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The Nsfas Is Accepting Applications for Missing Middle Loans



The NSFAS is accepting applications for missing middle loans

The Nsfas Is Accepting Applications for Missing Middle Loans. The National Student Financial Aid Scheme (NSFAS) is now accepting applications for student loans aimed at the “missing middle” category. This group, with an annual income between R350,000 and R600,000, can apply during the 2024 NSFAS application period.

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Funding Structure and Criteria

The Comprehensive Student Funding Model, initiated by Higher Minister Blade Nzimande, allocates R3.8 billion for the loan scheme in 2024. Of this, R1.5 billion is from the National Skills Fund, and R2.3 billion is from Sector Education and Training Authorities. This financial backing is expected to support around 47% of missing middle students.

Eligibility criteria are being formulated, primarily focusing on family income and program enrollment. The loans, unlike NSFAS bursaries, cater to both undergraduate and postgraduate students, with a 70% emphasis on STEM programs and 30% on Humanities and social science programs.

Application Process and Deadline

The current application period runs until January 31, 2024. Students are encouraged to apply through the myNSFAS portal. Rejected NSFAS bursary applicants will be automatically re-assessed for eligibility under the missing middle loan scheme.

Transition from NSFAS Bursaries to Loans

Before 2018, NSFAS primarily operated as a loan scheme. Nzimande acknowledges a debt of over R40 billion from previous students. The government actively pursues debt recoveries, having successfully collected over R110 million in the current fiscal year. Efforts are ongoing to enhance the collection process and ensure sustainability.

Collaboration with SIU for Debt Recovery

The Special Investigating Unit (SIU) is working in tandem with NSFAS to engage former beneficiaries and institutions in recovering outstanding debts. Acknowledgements of debt totaling over R4 million from individuals and R38 million from higher education institutions have been secured. Additionally, R58 million from institutions is in the process of being returned.


The NSFAS missing middle loan scheme represents a crucial initiative to support students falling within a financial gap. With substantial government funding and a focus on diverse academic programs, the scheme aims to bridge financial barriers and promote educational inclusivity. Students are urged to take advantage of the application period, contributing to the sustainability of the loan scheme and the broader goal of accessible higher education.

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How NSFAS Allowances Paid To Students



How NSFAS Allowances Paid To Students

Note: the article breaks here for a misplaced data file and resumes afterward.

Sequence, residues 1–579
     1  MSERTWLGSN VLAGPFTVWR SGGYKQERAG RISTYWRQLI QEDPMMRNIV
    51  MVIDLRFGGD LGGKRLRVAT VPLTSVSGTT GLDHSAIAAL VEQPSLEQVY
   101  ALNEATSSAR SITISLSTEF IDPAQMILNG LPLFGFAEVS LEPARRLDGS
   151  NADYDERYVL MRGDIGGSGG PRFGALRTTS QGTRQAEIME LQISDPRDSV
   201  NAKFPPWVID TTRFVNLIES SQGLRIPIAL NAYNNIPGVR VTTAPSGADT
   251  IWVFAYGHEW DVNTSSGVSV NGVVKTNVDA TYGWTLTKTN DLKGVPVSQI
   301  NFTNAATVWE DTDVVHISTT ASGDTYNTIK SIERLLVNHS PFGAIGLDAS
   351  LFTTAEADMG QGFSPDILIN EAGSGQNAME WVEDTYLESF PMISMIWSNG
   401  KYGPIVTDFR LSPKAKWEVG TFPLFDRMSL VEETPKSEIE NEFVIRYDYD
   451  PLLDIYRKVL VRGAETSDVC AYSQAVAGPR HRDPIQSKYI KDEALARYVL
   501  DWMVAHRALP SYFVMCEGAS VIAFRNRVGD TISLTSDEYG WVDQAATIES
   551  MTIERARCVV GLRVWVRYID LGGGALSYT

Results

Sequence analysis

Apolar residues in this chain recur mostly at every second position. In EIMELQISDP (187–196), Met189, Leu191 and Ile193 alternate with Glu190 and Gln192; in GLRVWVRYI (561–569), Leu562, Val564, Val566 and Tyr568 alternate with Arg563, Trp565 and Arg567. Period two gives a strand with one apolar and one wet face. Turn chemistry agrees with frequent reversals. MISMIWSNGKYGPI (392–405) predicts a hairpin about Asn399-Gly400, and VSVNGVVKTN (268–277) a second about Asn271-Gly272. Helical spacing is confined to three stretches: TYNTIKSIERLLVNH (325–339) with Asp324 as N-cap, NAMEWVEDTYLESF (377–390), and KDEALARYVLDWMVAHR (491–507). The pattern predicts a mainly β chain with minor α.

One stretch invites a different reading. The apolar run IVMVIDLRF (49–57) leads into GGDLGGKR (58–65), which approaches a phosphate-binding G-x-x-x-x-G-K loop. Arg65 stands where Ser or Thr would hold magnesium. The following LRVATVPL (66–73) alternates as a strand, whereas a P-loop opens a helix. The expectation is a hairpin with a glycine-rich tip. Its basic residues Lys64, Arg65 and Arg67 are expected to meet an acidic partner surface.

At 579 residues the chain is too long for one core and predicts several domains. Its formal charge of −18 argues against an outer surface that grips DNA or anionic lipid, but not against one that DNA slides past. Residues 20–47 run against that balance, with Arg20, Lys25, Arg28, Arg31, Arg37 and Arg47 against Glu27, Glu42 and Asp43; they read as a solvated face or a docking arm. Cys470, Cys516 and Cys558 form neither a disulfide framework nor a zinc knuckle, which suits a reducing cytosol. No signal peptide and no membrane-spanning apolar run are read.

How NSFAS Allowances Paid To Students. More than one million students in South Africa benefit from comprehensive bursaries provided by the National Student Financial Aid Scheme (NSFAS). Despite this support, student unions, particularly the South African Students Congress (SASCO), have expressed concerns about the effectiveness of the current funding system and have called for improvements.

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Challenges Faced by Students

In 2023, NSFAS funded over a million students enrolled in approved courses at universities and Technical and Vocational Education and Training (TVET) colleges. However, the scheme faced challenges in effectively assisting the poor and working-class students due to several issues. These challenges were partly attributed to the implementation of a direct allowance payment system, which led to irregularities and necessitated “consequence management.”

Controversy Over Allowance Distribution

The direct payment system, introduced in 2022, involved four companies handling student allowance payments. However, an investigation revealed potential conflicts of interest, leading to the dismissal of NSFAS CEO Andile Nongogo and termination of contracts with the service providers. Despite this, in 2024, NSFAS required students to register with these same companies for allowance distribution, drawing criticism from SASCO.

SASCO Criticisms and Demands

SASCO has accused the NSFAS Board of hypocrisy for reinstating allegedly irregular service providers. They argue that the current system exploits students, leading to delays, inefficiency, and unnecessary charges. SASCO calls for the implementation of recommendations from the Werksmans report, including terminating contracts with the companies.

Accommodation Crisis

SASCO also criticizes NSFAS for its indecisiveness in addressing the student accommodation crisis. While NSFAS launched an accommodation portal in 2022, SASCO argues that NSFAS has not taken practical steps to increase bed spaces in higher learning institutions and TVET Colleges. They demand immediate action to improve student living conditions.


The current NSFAS funding system faces criticism from student unions like SASCO, who call for more transparency, efficiency, and student-centered approaches. The ongoing controversies highlight the need for NSFAS to address these concerns promptly to ensure that students receive the support they need to succeed in their studies.

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